We refreshed last year's Drug Safety at Music Festival study with new 2024 data to give festivalgoers an idea of what to expect when taking drugs at their favorite music festivals, including data on drug safety measures and the most common high-risk behaviors.

Drug use at top festivals

Drug Safety 2024 1

Photo by Innerbody Research

It comes as no surprise that the most popular drug used at music festivals is marijuana. The impact of the more widespread legalization of recreational marijuana usage across the U.S. makes cannabis appear to be a less risky option for concertgoers. And while more survey participants reported plans to use cocaine at festivals this year than last year, there was a slight drop (2%) in the number of people planning to use opioids. This is surprising considering the ever-rising opioid overdose epidemic, but encouraging nonetheless.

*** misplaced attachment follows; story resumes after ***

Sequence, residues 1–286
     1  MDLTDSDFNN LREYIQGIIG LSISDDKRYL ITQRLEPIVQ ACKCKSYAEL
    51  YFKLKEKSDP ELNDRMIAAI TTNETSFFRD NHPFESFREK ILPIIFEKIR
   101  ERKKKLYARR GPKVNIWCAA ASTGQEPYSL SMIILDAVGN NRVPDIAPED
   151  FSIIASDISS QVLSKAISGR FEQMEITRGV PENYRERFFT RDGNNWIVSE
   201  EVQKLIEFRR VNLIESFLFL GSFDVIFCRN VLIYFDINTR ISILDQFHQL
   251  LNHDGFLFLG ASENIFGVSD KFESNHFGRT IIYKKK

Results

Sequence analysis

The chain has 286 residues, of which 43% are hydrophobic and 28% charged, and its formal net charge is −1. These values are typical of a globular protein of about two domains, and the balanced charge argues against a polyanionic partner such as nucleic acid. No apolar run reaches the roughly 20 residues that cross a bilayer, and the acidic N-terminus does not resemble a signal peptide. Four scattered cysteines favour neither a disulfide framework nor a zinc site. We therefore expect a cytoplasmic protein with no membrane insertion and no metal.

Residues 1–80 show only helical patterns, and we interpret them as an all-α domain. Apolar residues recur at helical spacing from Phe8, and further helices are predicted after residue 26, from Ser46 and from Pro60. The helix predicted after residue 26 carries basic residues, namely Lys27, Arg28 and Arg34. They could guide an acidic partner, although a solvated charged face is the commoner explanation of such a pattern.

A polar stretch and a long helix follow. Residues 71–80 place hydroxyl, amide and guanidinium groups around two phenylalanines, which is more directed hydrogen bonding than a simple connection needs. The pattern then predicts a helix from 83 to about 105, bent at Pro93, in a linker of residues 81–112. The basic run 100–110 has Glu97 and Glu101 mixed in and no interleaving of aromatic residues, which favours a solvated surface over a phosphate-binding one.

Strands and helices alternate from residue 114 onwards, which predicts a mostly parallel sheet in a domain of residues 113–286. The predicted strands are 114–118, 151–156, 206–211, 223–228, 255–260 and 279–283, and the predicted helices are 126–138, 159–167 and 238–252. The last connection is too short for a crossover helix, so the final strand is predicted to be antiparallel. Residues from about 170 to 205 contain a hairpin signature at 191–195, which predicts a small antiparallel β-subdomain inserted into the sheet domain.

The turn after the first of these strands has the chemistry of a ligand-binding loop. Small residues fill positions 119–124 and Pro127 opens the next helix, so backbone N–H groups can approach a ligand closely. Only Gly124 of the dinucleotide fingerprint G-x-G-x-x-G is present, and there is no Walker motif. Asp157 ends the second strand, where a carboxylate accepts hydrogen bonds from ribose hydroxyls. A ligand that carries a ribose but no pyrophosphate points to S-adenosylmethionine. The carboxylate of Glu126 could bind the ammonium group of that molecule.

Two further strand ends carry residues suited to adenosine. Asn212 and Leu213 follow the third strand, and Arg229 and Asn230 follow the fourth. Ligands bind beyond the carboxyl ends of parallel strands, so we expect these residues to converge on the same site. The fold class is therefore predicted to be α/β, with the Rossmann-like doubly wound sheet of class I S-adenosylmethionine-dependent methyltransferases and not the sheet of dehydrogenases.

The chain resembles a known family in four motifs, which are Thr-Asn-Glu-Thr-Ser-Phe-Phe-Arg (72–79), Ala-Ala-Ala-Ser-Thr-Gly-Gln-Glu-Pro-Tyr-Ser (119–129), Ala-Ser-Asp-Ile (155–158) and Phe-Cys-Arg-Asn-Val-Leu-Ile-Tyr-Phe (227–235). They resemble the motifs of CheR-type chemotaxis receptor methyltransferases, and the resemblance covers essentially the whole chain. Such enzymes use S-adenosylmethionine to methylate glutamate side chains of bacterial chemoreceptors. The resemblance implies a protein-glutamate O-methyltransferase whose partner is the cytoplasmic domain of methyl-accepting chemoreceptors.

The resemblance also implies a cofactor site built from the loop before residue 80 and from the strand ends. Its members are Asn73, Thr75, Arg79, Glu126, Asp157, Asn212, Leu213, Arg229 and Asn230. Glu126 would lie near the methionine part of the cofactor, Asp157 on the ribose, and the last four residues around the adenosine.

So, what types of festivals draw the most attendees who plan to be under the influence? Our survey data found that rock, hip-hop, and EDM are the music genres most likely to have audience members under the influence of drugs. We also found that Rock Fest, once again, is the festival with the most drug use, according to our survey participants. Of our respondents who typically use drugs at Rock Fest, 52% are Millennials, 37% are Gen Z, and 9% are Gen X.